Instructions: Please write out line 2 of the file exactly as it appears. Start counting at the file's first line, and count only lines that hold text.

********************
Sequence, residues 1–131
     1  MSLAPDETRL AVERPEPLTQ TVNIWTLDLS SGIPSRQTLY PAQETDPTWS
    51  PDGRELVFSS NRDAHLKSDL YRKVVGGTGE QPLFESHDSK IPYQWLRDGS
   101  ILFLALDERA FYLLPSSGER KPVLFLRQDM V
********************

     1  MSLAPDETRL AVERPEPLTQ TVNIWTLDLS SGIPSRQTLY PAQETDPTWS